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Array pointer deletion problem, Heap Corruption


i have a problem with deleting an array pointer:

char* compareBuffer = new char[patternSize];

This is how i create the array, patternSize is an int.
When i try to do delete[] compareBuffer; later on in the program, i get the following error reported:
Debug Error!
HEAP CORRUPTION DETECTED: after Normal block (#196) at 0x003694C8. CRT detected that the application wrote to memory after end of heap buffer.

Can someone explain what this means and how i can fix it? (If it is important, I'm using Visual Studio 2005)

Thank you.
1 Solution
Can we see some code, especially anything after the delete.  If I had to guess you are using your pointer after you delete it and it might not be obvious such as

delete[] compareBuffer;
*compareBuffer = 0; \\error
b3n_Author Commented:
This is the code:

bool findPattern()
            delete[] matchOffsets;
            matchOffsets = new int[256];
            char readChar;

            std::fstream fileReader;
            fileReader.open(fileName, std::ios::in | std::ios::binary);
                        fileReader.read(&readChar, sizeof readChar);

                        if((unsigned char)readChar == searchPattern[0]){

                              bool match = true;
                              char* compareBuffer = new char[patternSize];

                              fileReader.read(compareBuffer, sizeof compareBuffer);
                              for(int i = 0; i < patternSize; i++){
                                    match = (unsigned char)compareBuffer[i] == searchPattern[i];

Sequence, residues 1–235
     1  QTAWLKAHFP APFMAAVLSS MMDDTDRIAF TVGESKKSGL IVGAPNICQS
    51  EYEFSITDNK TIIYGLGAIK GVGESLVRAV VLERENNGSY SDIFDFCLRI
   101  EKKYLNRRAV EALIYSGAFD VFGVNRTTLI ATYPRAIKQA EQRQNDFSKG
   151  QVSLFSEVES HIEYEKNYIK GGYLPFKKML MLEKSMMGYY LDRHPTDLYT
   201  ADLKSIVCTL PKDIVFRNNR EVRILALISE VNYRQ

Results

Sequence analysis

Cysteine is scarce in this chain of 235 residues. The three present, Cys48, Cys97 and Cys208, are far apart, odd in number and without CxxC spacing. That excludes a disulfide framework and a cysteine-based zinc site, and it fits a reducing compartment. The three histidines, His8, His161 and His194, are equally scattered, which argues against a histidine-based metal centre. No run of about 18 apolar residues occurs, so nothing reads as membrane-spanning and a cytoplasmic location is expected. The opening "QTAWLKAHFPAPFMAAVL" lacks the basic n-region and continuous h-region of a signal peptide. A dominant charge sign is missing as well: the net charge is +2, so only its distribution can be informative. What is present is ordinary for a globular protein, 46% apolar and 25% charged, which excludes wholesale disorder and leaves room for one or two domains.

fileReader.seekg((int)fileReader.tellg() - patternSize + 1);
                              } else {
                                    int fileOffset = (int)fileReader.tellg() - patternSize;
                                    matchOffsets[matchCounter++] = fileOffset;
                              //Here comes the delete
                              delete[] compareBuffer;
            } else {
                  std::cout << "Error opening file";
                  return false;

            return true;
Is matchOffsets being initialized to NULL?

If it's not, this can give you a runtime error, since it's content's can be pointing to anything.

I recommend you use std::vector<char> instead of the above code.
std::vector is a safer way to create a dynamic array, and you don't have to worry about clean up via delete, because the array cleans up after itself.
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>> fileReader.read(compareBuffer, sizeof compareBuffer);

The above line of code is not correct.  the sizeof compareBuffer, will be the size of the pointer, and not the size of the allocated  buffer.
Should be the following:
fileReader.read(compareBuffer, patternSize);

>>matchOffsets = new int[256];
You should avoid using a dynamic array, if you need a small fixed size array.
Since the size of the above array is known at compile time, you can just declare a concrete variable.

int matchOffsets[256] = {0};

This is safer, and more efficient.
b3n_Author Commented:
its not about the matchOffsets its about the compare buffer. The rest of the code works fine, i just get problems when i try to delete the compareBuffer after i used it. And in the case of the compareBuffer i dont know how big it will be so i need to use dynamic arrays.
b3n_Author Commented:
i found the problem with this code snippet. the problem lies in this line:  fileReader.read(compareBuffer, sizeof compareBuffer); i shouldnt use sizeof comparebuffer, because it returns 4 while the actual buffer size is just 3.

thanks all for commenting on this question.
That is cause you have written beyond the allocated boundaries of the char array. If you allocate a char array in debug mode it is allocated some more space for the debugger. The debugger writes a signature at end which was checked at deletion. If you have written beyond boundaries the signature most likely was destroyed, hence the debug assertion.

Regards, Alex
>>i found the problem with this code snippet. the problem lies in this line:  fileReader.read(compareBuffer, sizeof compareBuffer); i shouldnt use sizeof
>>comparebuffer, because it returns 4 while the actual buffer size is just 3.

That's what I posted in my second comment.
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